How to Photograph Hummingbirds

In Photo Tips by Matt Shetzer

Hummingbirds are some of the most extraordinary birds found on the planet. But establishing the proper techniques to photograph these remarkable little birds requires a set up that’s just as unique as they are.

Brown Violetear HummingbirdThere are two ways to photograph hummingbirds – by using natural light and by using a multi-flash set-up. Hummingbirds’ wings move at about 80 beats-per-second, fast enough to produce their signature hum. So, it can be almost impossible to produce an adequately sharp (with details in the wings) and properly exposed hummingbird photograph using only the light Mother Nature provides. Luckily, photographers have come up with techniques to freeze the hummingbirds’ wings in their tracks, and produce beautiful, natural-looking photos by invoking a few tricks of the trade. The most popular and effective way to take quality hummingbird photos is by using a high-speed multi-flash setup.


The Multi-flash Setup

The multi-flash setup produces a strobe effect much like the one you might see in a night club. Each time the strobe pulses through the crowd, it freezes the scene at a moment in time. Hummingbird photographers surround their subjects with a lighting configuration that freezes the bird in its tracks each time they trigger the flash setup. The use of several flashes enables photographers to capture the moment at remarkable speeds – freezing the scene at speeds of up to 1/10,000 of a second.

Each flash is arranged to surround the bird at an angle that produces the most natural-looking light. This flash-set up creates an outdoor studio for hummingbirds to pose. Native flowers are set on center stage to allure hummingbirds in, and a backdrop set at the rear of the configuration is used to create a natural-looking background.

Once the flash setup is complete, all the photographer has to do is sit back and wait for their colorful little subjects to arrive. Hummingbird photographers use radio triggers to signal the flash to pulse simultaneously as the photo is taken. The triggers are useful because they prevent cables from getting in the way. The remote radio triggers also allow photographers to watch the action with their eyes as it happens, not through the viewfinder. Because hummingbirds are so tiny, photographers are recommended to use telephoto lenses ranging from about 200 mm to 400 mm. The use of high apertures will also allow photographers to get sharp images of the tiny birds with enough depth of field to capture the scene in focus. Two hummingbirds feed from white and pink blooming flower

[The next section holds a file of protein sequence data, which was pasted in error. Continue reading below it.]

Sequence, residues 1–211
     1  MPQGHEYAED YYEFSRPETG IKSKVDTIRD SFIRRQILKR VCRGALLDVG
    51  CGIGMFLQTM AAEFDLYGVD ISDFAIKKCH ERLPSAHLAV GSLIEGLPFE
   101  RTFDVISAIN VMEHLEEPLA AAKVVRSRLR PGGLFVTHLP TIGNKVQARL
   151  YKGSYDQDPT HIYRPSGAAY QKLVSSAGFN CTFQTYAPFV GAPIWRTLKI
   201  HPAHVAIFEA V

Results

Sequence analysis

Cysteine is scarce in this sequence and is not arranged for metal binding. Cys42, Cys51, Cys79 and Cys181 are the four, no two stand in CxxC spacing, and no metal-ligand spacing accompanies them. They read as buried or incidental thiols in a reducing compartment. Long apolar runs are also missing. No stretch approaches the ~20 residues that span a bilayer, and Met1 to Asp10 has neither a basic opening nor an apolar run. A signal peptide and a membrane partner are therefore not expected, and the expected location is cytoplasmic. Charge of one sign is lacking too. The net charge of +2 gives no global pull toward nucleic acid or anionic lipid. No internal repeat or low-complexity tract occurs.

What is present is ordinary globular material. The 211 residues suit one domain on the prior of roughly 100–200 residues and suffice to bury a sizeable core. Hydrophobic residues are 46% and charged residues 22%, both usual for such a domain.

Beginner’s guide to hummingbird photography

Basic setups can start with 3 flashes, while more sophisticated setups can include as many as 8.

Flashes are programmed to manual mode and configured to a quick pulse of about 1/8 power with a radio trigger. As a rule of thumb, a flash power of 1/8 will capture the moment at 1/2500 second; 1/16 equates to 1/5000 of a second, and 1/32 power equals 1/10,000s of a second. The more flashes you have, the less power you need to output – therefore achieving faster shutter speeds.

To achieve a basic multi-flash configuration, your camera should be set to 1/250 shutter speed and a flash sync speed of 1/250s. You can adjust ISO and aperture to achieve the proper exposure.

While we use a combination of about 7 to 8 flashes for our workshops, below is set up to help you get started at home and let the addiction begin using only three flashes. As your experience grows you can add more lights and set up more and more sophisticated configurations.


Shetzer’s Hummingbird photography workshops

With the proper set up, hummingbird photographers have the ability to capture crisp, clear photos displaying the vibrant, iridescent feathers that adorn the birds as they feed on exotic flowers. Experimenting with different set ups and backgrounds can be addicting – and hummingbird fans will find the results to be astounding.

Guests on Shetzer’s Photography trip will venture over mountain passes and into the lush rainforests of Ecuador on an 8-day adventure learning the tricks of the trade to capture exotic hummingbird images.

Click here to learn more about our Hummingbird photography workshops.

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How to Photograph Hummingbirds was last modified: March 10th, 2024 by Matt Shetzer